Guy Kawasaki suggests that startups ditch the mission statement and instead have a mantra, a phrase with three or four words. It’s purpose is to help employees truly understand why the organization exists. A mantra creates a cohesive context for discussion, helps drive decision-making, and is a constant reminder of a shared goal.
The United States of America has a mantra, and it’s “The American Dream.” The definition of The American Dream has changed over time. It was initially about fleeing hierarchical or aristocratic societies. During the gold rush, it became about the potential for instant wealth. It’s since then been about home ownership and upward mobility. Most recently, it has been about equal opportunity and access to education and career.
It’s completely normal for the mantra to change over time; it should reflect the state of the world and the mind of the people in it. What’s important, however, is that the meaning of the mantra be discussed regularly. Without a shared vision, all debates will be inefficient and ineffective, laws put in place will be ephemeral, and dissatisfaction becomes inevitable.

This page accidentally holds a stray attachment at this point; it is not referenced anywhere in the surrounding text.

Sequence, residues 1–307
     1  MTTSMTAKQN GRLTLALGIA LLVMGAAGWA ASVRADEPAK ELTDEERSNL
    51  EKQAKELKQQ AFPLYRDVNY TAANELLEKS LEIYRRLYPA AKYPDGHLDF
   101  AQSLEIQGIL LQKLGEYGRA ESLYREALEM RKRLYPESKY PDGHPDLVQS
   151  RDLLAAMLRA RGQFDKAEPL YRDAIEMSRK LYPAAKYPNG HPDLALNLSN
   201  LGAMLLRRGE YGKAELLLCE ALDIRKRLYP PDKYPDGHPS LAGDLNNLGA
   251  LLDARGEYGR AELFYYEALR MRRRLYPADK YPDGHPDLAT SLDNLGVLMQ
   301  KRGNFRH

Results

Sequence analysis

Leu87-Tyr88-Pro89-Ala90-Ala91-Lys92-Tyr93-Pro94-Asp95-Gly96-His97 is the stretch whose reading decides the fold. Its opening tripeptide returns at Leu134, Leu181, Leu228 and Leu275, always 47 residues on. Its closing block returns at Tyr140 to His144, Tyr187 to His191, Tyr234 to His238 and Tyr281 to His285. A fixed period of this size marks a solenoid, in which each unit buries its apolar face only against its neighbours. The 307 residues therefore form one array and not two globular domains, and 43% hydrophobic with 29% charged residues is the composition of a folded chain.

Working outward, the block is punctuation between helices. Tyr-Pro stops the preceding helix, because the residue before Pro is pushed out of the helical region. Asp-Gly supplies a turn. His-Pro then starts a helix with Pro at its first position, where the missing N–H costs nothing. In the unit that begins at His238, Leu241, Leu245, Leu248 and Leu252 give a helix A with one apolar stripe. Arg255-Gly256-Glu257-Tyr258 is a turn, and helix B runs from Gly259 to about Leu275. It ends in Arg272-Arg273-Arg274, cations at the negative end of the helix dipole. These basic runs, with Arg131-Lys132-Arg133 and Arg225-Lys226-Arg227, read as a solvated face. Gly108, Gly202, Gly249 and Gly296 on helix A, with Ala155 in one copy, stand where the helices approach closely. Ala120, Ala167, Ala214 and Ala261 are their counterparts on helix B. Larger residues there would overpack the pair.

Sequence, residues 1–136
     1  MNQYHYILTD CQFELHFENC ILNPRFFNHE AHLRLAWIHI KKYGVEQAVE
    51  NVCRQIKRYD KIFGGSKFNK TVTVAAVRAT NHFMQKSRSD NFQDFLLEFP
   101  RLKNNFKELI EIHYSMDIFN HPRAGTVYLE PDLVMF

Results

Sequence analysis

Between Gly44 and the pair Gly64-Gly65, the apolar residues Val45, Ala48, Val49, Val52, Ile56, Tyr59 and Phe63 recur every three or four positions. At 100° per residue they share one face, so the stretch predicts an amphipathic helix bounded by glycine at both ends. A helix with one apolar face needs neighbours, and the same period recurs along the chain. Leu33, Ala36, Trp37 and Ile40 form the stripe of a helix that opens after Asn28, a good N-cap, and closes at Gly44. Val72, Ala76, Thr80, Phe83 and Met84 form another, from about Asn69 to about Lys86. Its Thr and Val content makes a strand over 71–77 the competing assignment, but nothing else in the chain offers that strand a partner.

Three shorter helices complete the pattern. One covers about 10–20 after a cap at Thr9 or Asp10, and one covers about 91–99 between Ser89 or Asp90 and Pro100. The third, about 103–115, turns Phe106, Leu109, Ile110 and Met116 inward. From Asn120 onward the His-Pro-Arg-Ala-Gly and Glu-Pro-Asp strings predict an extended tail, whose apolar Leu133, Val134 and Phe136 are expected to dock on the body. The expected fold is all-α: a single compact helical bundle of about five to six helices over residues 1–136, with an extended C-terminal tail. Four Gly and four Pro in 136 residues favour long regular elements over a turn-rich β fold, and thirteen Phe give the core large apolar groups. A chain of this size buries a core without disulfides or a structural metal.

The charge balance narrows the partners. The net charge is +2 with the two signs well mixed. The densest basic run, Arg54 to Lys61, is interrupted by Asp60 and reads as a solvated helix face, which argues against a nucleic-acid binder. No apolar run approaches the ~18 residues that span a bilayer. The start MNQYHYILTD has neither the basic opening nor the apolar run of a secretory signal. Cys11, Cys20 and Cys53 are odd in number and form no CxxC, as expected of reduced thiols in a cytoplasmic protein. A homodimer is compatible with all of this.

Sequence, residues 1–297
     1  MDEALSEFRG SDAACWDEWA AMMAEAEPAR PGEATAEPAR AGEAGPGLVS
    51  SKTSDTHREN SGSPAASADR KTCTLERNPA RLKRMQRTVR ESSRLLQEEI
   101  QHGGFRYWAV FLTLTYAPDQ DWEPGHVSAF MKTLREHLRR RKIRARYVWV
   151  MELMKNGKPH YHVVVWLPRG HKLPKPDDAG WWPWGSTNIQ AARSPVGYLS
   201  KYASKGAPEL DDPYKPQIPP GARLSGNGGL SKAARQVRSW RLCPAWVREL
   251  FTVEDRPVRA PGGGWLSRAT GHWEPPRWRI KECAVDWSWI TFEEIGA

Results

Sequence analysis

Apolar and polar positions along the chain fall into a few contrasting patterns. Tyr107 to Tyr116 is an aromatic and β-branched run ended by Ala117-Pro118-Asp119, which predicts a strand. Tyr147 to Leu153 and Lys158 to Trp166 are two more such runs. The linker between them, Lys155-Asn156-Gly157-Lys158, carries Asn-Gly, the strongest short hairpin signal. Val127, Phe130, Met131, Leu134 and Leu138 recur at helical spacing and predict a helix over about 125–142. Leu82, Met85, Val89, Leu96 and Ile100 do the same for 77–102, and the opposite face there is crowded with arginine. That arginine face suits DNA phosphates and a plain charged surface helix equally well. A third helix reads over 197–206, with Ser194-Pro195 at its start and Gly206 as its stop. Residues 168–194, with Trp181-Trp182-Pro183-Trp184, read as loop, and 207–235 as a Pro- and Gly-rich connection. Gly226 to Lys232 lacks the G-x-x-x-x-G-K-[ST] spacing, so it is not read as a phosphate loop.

Education isn’t producing the results it used to, so access to education clearly isn’t enough. Many are unemployed, and even those who have careers that can support their family are unhappy, either from work dissatisfaction or not having enough time to spend with family.
What is today’s American Dream?